New matchmaker service focuses on outdoor jobs
A new online marketplace for contractors and consumers will launch in time for homeowners who loathe the job of hanging their holiday lights. ServiceVines.com, based in Oklahoma City, will focus on jobs that involve the exterior of the home: landscaping, lawn care, lawn maintenance, tree removal and fencing. Putting up the Christmas lights and inflatable snowman is also on the list.
Consumers and property managers can post their jobs and wait for free bids from service contractors. There are more than 300 service providers in the ServiceVines network, according to the press release. Providers get a satellite view of the house but no address until the homeowner selects them as a provider. There’s also a mobile app for using ServiceVines.
Despite snowthrower challenge, Toro grows in 2012
Bloomington, Minn.-based The Toro Co. reported net earnings of $129.5 million for the full year ended Oct. 31, up from earnings of $117.7 million in 2011.
Net sales increased 4% to $1.96 billion for its fiscal year.
For the fourth quarter, Toro reported net earnings of $0.3 million, down from $5 million in the fourth quarter of 2011. Net sales decreased 7.8% to $339.3 million in the quarter.
“The Toro Co. completed another record year with new highs for revenues and earnings per share,” said Michael Hoffman, Toro’s chairman and CEO. “While pleased with our performance, it could have been even better if not for limited snowfall around the world that reduced snowthrower sales by almost 50%."
The difficult fourth quarter was largely attributed to a weak demand for snowthrowers. "Other major product categories showed sales growth in the quarter, with positive momentum heading into the new fiscal year," Hoffman said.
In Toro’s Residential segment, net sales for fiscal 2012 were $607.4 million, down from $623.9 million in fiscal 2011. Shipments of walk power mowers and riding products were up for the year due in part to the successful launch of the TimeMaster 30-in. walk power mower. For the fourth quarter, residential segment net sales were $102 million, down 28.9% from the comparable fiscal 2011 period due to reduced demand for snowthrowers.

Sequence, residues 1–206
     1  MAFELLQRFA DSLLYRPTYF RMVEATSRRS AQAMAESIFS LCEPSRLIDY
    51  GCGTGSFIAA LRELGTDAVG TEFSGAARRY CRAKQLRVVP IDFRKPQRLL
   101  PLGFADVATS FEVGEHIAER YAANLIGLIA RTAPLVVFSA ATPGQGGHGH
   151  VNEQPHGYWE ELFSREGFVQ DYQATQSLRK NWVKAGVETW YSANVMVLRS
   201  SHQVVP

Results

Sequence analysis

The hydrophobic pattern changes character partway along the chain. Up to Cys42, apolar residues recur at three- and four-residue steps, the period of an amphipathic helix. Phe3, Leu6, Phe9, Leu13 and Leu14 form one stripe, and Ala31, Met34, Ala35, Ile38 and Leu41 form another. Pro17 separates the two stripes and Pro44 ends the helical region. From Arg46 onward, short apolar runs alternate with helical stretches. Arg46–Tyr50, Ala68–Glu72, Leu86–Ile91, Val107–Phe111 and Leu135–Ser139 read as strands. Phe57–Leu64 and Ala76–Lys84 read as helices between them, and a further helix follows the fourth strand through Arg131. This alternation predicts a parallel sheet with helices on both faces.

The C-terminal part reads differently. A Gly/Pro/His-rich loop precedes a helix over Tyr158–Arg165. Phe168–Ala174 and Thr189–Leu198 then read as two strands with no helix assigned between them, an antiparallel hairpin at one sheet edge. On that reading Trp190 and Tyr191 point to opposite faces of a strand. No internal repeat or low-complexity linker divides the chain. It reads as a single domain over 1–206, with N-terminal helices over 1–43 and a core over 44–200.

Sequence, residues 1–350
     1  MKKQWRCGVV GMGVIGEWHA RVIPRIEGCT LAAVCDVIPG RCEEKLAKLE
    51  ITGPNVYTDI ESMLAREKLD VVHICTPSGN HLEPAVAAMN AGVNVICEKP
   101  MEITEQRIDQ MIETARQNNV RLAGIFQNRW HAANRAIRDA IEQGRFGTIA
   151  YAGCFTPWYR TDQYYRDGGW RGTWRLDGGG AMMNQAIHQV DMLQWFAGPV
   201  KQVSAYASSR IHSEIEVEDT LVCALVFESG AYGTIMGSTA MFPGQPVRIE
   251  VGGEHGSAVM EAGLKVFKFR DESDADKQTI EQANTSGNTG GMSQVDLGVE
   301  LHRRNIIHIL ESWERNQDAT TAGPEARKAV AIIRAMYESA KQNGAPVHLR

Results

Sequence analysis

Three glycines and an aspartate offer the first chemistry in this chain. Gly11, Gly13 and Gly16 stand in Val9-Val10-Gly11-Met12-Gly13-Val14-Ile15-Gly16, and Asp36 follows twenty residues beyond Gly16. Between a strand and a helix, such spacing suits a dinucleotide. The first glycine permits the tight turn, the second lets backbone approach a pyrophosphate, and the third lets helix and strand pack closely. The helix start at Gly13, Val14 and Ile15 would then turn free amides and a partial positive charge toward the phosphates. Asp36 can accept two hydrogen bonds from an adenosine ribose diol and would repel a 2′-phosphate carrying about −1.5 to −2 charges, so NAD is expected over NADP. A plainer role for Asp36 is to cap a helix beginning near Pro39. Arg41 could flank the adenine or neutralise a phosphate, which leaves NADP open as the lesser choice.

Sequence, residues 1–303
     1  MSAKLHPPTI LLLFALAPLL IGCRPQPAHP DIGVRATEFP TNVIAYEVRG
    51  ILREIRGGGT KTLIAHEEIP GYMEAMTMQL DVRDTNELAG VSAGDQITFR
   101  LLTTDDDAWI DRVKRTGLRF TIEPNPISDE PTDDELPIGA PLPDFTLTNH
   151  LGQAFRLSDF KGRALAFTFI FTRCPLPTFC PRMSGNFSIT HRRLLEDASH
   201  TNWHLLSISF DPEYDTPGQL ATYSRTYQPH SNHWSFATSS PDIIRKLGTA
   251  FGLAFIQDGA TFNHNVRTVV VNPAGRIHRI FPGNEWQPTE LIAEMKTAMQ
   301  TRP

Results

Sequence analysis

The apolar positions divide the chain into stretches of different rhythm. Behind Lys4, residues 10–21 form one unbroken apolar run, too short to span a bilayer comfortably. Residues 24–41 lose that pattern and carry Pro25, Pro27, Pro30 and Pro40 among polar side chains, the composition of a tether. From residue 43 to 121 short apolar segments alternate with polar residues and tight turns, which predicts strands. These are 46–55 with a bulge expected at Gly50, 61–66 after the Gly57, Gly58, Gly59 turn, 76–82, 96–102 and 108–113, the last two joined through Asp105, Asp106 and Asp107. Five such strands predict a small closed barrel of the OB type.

Residential segment earnings for fiscal 2012 totaled $57.9 million, up 6.4% from fiscal 2011, when a pre-tax charge of $4.7 million to account for one-time costs associated with a rework issue affecting walk power mowers resulted in a decline in earnings. For the fourth quarter, residential segment earnings were $6.7 million, down from $11.9 million in the comparable fiscal 2011 period.
The company expects revenue growth for fiscal 2013 to be about 4% to 5%.
“We are early in our fiscal 2013, and mindful of the challenging world-wide economic environment and, as always, acutely aware of the volatility of Mother Nature. Nonetheless, the outlook for our end markets appears promising. Golf rounds and revenues were up last year, housing and construction are showing signs of improvement, and the agriculture market continues to adopt more efficient methods of irrigation," Hoffman said.
Strike ends, merchandise freed at Southern California ports
The strike that shut down the ports of Los Angeles and Long Beach for eight days ended this afternoon, and retailers in Southern California heaved a great sign of relief. According to an article in the Los Angeles Times, the strike began when a clerical unit of the International Longshore and Warehouse Union Local 63 walked off the job, over the issue of improved job security. These workers handle all the paperwork associated with the cargo imported and exported by the two ports.
Many of the 70,000-plus dock workers honored the picket line, essentially shutting down the ports. According to the Wall Street Journal, an estimated 270 shipping containers, many of them holding consumer goods from China, were stuck offshore. The two ports account for roughly 40% of the value of imported goods brought into the United States.
Logistics providers who promised spring seasonal merchandise to retailers found themselves scrambling for alternatives. Pacific Mountain Logistics told the Wall Street Journal that it had a “drop dead” delivery date of Dec. 17 for a big customer expecting a shipment of patio furniture, gardening supplies and big planters.
Both sides of the dispute agreed to bring in a federal mediator Tuesday night. Terms of the settlement were not disclosed.